I love the cooler morning temperatures.  I love the warmth of the sun on my face in the morning.  In the middle of the summer, the sun warms the morning temps to 70 degrees Fahrenheit , but now it’s almost 20 degrees cooler in the morning hours.  This morning I grabbed a cup of coffee and a sweatshirt and headed out to the garden.

We have had a strange growing season here in Colorado.  It appears that most begetable growth is a few weeks behind the norm.  There’s several key factors in this:  above average rainy spring, freezing temps in May, several weeks above 90 F. in July with no rain.  All in all, these things remind me how “out-of-my-control” growing vegetables really is.

The past few weeks I have been harvesting beens and cucumbers beyond what Lauren and I could eat ourselves.  Recently the zucchini and summer squash have picked up the pace.  But now, the moment we have all been waiting for, the tomatoes are here.  With in the past two weeks I have picked almost 3 dozen tomatoes from 9 plants.  The most abundent variety is called “Black Plum.”  They have an tall, elongated shape with dark red coloring at the base and deep maroon/black at the shoulders.  The inside is often remarked as looking “rancid.”  I assure you that this isn’t the case.  The inner wall of the fruit has a black shadow to it, and the seeds are almost green.  I can understand the comparison, but I wish there was more of an encouraging way to describe it.  I also have some Amish Paste, Black Krim, Hillbilly, and Costoluto Genovese plants that are slowly turning.  The tomato plant that taunts me is called Bloody Butcher.  It produces small, round fruit (about 2-3 oz.)  If you make an “O” with your hand, the fruit would fit nicely in the empty space. (Ok, be honest.  Who stopped to make the shape with your hand?  You can tell me.)  These plants are taunting me because they overheard me say that they could be in the running for the best tomato I’ve ever tasted.  Since they hear me say that, they have slowed way down in maturing.  They are, how you say, “very sneaky.”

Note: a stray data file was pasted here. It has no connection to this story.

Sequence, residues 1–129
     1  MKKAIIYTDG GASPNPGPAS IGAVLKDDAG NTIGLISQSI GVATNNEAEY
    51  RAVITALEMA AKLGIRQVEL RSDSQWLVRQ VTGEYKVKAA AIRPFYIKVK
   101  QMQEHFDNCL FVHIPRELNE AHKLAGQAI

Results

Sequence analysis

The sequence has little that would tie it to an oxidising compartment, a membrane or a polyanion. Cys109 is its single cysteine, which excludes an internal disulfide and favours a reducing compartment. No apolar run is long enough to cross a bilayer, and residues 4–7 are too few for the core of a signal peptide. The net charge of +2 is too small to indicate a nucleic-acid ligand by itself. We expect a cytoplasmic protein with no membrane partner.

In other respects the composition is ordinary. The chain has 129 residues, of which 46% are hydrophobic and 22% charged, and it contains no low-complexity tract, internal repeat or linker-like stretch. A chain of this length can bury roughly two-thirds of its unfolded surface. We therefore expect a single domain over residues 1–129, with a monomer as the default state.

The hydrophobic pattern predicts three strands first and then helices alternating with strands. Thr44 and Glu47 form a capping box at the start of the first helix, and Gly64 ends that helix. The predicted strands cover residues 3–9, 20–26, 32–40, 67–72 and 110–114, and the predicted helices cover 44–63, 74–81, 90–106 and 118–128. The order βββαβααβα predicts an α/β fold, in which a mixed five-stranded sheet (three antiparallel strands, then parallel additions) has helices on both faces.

So, there’s a little Garden Update for you.  How are your gardens doing this year?  Do you have a bumper crop of anything?  How about failures?

May your harvest be abundant.